The challenge pitted three of the upcoming Top Chef Las Vegas cheftestants against accomplished competitors Fabio Viviani, Antonia Lofaso, and Ryan Scott. With so many Top Chef products — from knives to t-shirts to a cookbook — the introduction of a wine is not surprising. After all, if the Food Network's Iron Chef can have its own wine label, why not market one for TC? Are you interested in tasting this wine?
Posts for August 5th 2009
The blogosphere wasted no time compiling critical stats on Sifton, and Gawker has already come up with a slew of potential dining guises for him. One thing's for sure: The role of restaurant critic is evolving. Even execs at the Times admit critics don't wield the power that they used to, and with photos of him already abundant on the web, dining incognito will be virtually impossible.
Sifton may be new to the position, but he's no novice — in fact, he was rumored to have turned down the job once before. In addition to being the culture editor at the Times, he's contributed to the $25 and Under column, reviewed restaurants before Bruni's arrival, and even served as Dining editor. In last month's New York Times Magazine, he detailed making meatloaf for Nora Ephron. What do you think of the news? At a time when media is evolving so rapidly, does the role of restaurant critic still have a place in the food world?
I love both tuna and chicken salad, but I don't like any sweet stuff encroaching on tuna. Chicken salad, on the other hand, is well-served by fruit and nuts. One of my favorite recipes is this curry-flavored version made with red grapes, green onions, and walnuts, which combine to make an exciting and exotic filling for Middle Eastern-style flatbreads or pita.
Better yet, this chicken salad is actually healthy: it's made with nonfat yogurt and lowfat mayonnaise. With so many intense flavors, you won't miss the full-fat mayo. Though I forgot the lettuce the first go-round, I added it the second time I made these, and it provides a nice bit of texture. Check out more photos and get the recipe.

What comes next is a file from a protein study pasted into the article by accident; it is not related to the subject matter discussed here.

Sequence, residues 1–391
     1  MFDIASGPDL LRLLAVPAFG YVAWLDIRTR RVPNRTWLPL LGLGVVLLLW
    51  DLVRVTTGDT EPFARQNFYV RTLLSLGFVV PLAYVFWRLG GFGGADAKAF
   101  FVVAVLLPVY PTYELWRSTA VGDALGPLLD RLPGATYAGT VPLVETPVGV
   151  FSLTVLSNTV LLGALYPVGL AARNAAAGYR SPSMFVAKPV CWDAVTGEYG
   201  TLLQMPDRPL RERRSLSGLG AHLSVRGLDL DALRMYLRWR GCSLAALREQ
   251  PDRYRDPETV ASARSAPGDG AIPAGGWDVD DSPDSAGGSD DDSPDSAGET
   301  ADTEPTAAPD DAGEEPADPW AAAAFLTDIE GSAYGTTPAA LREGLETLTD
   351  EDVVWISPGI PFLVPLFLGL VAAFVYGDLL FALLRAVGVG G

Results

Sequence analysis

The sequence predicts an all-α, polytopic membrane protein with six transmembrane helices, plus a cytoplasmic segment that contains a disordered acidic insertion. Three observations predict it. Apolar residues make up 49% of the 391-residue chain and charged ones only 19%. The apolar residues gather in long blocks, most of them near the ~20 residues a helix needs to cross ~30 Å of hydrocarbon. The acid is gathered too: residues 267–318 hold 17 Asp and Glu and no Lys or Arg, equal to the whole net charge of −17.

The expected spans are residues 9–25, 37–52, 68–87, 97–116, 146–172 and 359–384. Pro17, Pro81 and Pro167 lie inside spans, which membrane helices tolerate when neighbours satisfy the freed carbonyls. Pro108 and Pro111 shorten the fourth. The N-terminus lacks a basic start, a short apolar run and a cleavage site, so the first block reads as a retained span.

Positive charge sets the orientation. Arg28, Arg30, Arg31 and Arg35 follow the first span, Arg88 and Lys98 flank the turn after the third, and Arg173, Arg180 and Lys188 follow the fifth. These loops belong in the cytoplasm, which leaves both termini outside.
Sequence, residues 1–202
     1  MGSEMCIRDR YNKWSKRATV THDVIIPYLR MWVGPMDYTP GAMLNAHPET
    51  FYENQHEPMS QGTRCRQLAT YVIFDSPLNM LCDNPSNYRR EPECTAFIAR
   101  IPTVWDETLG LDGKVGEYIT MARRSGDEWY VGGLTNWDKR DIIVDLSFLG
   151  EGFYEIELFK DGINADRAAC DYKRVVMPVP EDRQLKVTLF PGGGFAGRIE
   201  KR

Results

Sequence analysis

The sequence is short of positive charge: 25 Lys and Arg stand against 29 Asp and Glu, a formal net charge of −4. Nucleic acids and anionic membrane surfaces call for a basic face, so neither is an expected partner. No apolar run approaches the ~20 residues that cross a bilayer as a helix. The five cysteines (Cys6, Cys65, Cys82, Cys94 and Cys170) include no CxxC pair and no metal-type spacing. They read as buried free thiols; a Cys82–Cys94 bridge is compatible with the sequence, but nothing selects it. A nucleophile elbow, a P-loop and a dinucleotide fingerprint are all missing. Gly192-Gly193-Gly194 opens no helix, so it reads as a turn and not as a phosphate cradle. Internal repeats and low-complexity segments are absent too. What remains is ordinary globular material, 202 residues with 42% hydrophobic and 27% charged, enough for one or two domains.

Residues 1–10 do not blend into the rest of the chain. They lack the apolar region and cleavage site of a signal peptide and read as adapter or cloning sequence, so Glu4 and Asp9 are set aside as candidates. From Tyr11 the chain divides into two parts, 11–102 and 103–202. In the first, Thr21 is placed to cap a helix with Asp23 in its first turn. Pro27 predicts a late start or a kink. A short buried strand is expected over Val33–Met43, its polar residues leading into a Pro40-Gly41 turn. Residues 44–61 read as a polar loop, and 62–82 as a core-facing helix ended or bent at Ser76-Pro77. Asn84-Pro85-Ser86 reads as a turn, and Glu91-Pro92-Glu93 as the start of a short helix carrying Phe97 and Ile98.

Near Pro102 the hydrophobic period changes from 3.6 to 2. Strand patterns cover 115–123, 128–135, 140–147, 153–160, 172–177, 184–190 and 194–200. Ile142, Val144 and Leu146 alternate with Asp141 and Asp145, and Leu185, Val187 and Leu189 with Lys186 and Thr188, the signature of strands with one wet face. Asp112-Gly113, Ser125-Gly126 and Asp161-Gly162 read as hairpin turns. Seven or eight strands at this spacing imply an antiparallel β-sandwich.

2 teaspoons curry powder (preferably Madras-style)
1/4 cup light mayonnaise
1/4 cup plain nonfat yogurt
2 teaspoons mango chutney
1 teaspoon minced peeled fresh ginger
1/2 teaspoon grated orange peel
3 cups 1/2-inch pieces cooked skinless boneless chicken breast
1 cup halved seedless red grapes
1/2 cup thinly sliced green onions
1/3 cup walnuts, toasted, coarsely chopped
4 large curly lettuce leaves
4 Middle Eastern flatbreads or pita pockets
- Stir curry powder in small skillet over medium heat until fragrant, about 30 seconds. Transfer to medium bowl.
- Add light mayonnaise, yogurt, mango chutney, minced ginger, and grated orange peel. Whisk to blend.
- Stir in chicken, grapes, green onions, and chopped walnuts. Season salad to taste with salt and pepper. (Can be made 6 hours ahead. Cover and refrigerate.)
- Cover flatbreads with a damp cloth and heat in the microwave for 30 seconds, to make them more pliable.
- Lay flatbread flat on a plate, and place one leaf of lettuce on each. Divide chicken salad equally among flatbreads, then fold in half to serve.
- Main Dishes, Sandwiches
- American farmers are struggling to transfer the success of the Chinese goji berry to the West. — Los Angeles Times
- Mark Bittman on the trials and tribulations of frying squid. — New York Times
- The US government may impose regulations on caffeinated alcoholic drinks. — Wall Street Journal
- One West Coast startup's developed a new tracing system in response to food safety scares. — San Francisco Chronicle
- While wine's been aiming for a plebian angle, beer's gone decidedly upscale. — Washington Post
- A sneak peek at Julie Powell's upcoming book, Cleaving. — The Observer
- The Globe's test kitchen takes a stab at Julia's masterpieces, and finds out they're not so easy to master. — Boston Globe
2 large garlic cloves, thickly sliced
2 teaspoons sea salt
2 teaspoons caraway seeds
2 tablespoons pure chile powder, such as ancho
1/4 cup extra-virgin olive oil
2 pounds large shrimp, shelled and deveined
8 small chorizo (about 1/2 pound total), sliced 1/2 inch thick
- On a cutting board, using the flat side of a chef's knife, mash the garlic and salt to a coarse paste. Add the caraway seeds and finely chop them.
- Transfer to a large bowl and stir in the chile powder and olive oil. Add the shrimp and toss to coat.
- Meanwhile, bring a small saucepan of water to a boil. Add the chorizo and cook over high heat for 5 minutes. Drain and pat dry. Let cool slightly.
- Tuck a chorizo slice in the crook of a shrimp and thread onto a skewer; the shrimp should be attached at both ends. Push it to the end of the skewer and repeat with two more shrimp and chorizo slices. Using more skewers, repeat with the remaining shrimp and chorizo.
- Grill the kebabs over a hot fire, turning once or twice, until charred and the shrimp are cooked through, about 5 minutes. Serve immediately.
- Appetizers, Seafood
- Mediterranean/Middle Eastern